For those who have great ideas, understanding how to retain the rights to those idea can be complicated. Intellectual property laws dictate patents and protect good ideas from being stolen or copied by others. However, not just any idea can be patented, nor can an idea alone be patented; instead, the idea must be original and unique, accompanied with a detailed description of the idea, plans for implementation, and/or drawings. Here’s a look into the distinction between a raw idea and a patent-worthy one, as well as guide for the process of applying for a patent.
Distinction Between a Raw Idea and a Patent-Worthy One
Not all ideas are patent-worthy. If you have a great idea, you first want to do some comprehensive research to determine whether or not the idea is original and unique, and whether or not anyone else already has an existing patent on it. Also, keep in mind that you cannot patent art or literary works, discoveries, or ways of thinking. You can only patent ideas that can be made or used, are new, and are inventive.
If you determine that your raw idea is indeed original, then the next step is learning as much as you can about the market that your idea is relevant to, and preparing your patent package. As part of this package and application, you will need:
- Detailed drawings of your idea;
- A written description of how your idea works;
- How your idea would be made in bulk (manufactured at large);
- Costs of manufacturing the idea; and
- Any other relevant details about your idea and its implementation.
A person who is experienced in intellectual property laws and patent applications should prepare all of the above. Be sure: do not begin the patent process unless you are confident that your idea is original and that you have enough information to pursue a patent. Applying for patent can be expensive; you’ll want to have all documentation necessary before beginning.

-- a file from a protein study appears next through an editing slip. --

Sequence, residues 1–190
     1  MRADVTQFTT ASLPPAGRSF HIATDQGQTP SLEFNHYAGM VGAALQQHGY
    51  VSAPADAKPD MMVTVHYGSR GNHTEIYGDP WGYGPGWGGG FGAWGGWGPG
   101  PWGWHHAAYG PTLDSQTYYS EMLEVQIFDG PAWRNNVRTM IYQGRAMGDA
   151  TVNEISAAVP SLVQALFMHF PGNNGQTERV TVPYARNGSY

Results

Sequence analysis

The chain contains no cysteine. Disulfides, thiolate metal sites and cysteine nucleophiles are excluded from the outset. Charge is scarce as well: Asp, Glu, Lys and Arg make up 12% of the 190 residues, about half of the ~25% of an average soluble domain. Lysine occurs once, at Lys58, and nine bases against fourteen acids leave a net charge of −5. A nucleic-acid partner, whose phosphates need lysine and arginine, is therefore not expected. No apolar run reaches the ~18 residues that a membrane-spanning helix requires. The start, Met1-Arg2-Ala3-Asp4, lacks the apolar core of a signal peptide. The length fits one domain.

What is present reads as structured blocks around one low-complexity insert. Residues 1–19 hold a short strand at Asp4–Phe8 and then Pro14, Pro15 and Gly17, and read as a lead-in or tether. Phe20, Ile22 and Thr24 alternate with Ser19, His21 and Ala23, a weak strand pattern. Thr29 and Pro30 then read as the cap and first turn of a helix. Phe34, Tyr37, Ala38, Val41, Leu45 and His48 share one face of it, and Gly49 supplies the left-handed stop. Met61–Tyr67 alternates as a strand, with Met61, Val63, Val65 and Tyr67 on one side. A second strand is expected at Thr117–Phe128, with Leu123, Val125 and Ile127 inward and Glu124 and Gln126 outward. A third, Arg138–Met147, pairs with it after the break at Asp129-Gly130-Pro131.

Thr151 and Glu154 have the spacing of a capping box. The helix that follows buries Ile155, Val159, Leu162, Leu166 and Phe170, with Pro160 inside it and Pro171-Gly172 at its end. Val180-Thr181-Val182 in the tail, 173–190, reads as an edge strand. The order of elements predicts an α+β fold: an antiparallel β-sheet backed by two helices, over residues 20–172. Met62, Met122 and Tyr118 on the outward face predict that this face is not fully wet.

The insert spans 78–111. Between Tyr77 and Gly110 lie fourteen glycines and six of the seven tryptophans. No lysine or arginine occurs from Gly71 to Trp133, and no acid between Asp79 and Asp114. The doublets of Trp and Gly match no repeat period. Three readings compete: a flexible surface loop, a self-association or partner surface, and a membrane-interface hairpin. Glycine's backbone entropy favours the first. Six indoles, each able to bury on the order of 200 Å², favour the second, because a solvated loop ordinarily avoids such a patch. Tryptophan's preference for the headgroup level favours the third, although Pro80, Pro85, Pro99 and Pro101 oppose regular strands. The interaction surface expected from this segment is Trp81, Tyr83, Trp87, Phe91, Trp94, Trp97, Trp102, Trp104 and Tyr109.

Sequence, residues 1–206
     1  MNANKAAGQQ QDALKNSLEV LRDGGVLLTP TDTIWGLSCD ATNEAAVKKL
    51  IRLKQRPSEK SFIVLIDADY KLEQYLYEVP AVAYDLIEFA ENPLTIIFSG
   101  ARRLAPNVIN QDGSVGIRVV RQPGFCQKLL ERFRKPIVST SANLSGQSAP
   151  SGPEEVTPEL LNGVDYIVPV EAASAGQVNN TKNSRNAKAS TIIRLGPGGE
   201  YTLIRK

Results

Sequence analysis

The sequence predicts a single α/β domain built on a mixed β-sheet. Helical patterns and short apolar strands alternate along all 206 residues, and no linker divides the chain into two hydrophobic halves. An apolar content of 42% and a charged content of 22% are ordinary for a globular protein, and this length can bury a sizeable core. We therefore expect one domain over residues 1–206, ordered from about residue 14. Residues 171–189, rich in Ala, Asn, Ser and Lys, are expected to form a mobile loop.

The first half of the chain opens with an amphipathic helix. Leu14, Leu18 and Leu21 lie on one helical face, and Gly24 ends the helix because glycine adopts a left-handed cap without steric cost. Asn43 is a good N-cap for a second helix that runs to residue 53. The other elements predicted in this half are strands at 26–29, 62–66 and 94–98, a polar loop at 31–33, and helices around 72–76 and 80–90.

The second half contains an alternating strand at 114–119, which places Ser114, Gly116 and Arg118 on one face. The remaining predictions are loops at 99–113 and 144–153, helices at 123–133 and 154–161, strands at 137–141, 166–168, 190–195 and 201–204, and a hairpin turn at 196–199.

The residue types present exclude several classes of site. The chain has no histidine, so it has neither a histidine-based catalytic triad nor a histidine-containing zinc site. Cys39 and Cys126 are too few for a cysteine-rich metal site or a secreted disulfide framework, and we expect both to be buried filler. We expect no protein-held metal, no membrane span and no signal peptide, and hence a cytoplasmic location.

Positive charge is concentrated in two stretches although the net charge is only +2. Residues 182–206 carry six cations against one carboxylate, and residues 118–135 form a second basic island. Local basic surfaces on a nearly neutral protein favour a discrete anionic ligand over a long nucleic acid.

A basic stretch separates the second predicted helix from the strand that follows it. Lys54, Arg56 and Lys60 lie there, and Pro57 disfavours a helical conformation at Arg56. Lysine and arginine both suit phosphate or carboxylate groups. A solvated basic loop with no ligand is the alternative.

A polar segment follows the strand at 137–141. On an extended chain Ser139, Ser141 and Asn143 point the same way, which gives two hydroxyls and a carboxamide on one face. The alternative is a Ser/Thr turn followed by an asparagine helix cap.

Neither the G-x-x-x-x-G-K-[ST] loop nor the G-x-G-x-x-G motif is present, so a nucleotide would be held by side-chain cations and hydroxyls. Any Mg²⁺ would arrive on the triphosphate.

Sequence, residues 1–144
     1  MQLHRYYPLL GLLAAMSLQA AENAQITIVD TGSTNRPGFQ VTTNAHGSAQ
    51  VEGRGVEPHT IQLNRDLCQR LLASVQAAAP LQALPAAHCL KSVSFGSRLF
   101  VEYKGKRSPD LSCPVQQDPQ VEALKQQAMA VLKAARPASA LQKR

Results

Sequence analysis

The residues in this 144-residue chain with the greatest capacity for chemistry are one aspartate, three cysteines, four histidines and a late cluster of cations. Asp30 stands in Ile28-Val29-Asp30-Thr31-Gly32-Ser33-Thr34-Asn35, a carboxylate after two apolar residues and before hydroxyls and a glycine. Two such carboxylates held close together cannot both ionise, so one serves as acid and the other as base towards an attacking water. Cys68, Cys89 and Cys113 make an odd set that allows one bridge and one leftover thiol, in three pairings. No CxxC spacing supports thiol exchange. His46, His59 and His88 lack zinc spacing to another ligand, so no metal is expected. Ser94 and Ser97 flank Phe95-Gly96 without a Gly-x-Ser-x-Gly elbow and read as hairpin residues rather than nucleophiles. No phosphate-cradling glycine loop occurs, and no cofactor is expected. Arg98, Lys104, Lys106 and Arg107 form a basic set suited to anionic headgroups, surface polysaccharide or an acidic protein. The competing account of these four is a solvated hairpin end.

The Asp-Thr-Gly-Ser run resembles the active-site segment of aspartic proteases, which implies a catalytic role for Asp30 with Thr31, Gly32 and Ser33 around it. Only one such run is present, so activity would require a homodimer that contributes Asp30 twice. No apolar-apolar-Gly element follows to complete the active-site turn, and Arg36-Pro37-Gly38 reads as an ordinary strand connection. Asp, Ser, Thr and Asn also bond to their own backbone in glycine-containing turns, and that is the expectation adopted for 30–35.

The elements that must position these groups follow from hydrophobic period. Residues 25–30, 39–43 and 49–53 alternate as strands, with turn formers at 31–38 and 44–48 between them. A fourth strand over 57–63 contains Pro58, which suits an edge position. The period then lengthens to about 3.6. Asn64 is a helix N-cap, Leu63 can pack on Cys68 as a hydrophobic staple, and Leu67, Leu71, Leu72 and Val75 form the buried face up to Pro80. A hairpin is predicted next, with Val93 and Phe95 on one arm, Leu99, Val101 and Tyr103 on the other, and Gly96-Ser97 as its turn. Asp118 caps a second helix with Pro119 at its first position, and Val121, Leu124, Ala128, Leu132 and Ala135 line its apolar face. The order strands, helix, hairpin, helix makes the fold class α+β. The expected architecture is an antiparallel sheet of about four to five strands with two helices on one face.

Process of Applying for a Patent
If you do decide to apply for a patent, you will file a patent application through the Intellectual Property Office (IPO). Your patent application must contain four sections: an abstract, claims, description, and drawings. An abstract is a short synopsis of your product; the claims is what you are claiming is novel about your product; the description provides a brief write-up of how your product works; and drawings should be 2D, black and white, and give an accurate representation of your idea/product.
If you think that you have a great idea that should be patented, you should consult with a patent attorney or advisor. An expert in patent law can help you understand how the patent process and application process works, as well as the other types of protection that may be relevant to your idea/business (i.e., trademarks, design rights, etc.).
To learn more about patenting an idea today, reach out to an intellectual property attorney near you now.
This is a guest post by Roisin Byrne, check out the Buiness Boutique for more information.
This article has been provided by Theodore Thomas as part of his cheaper home series.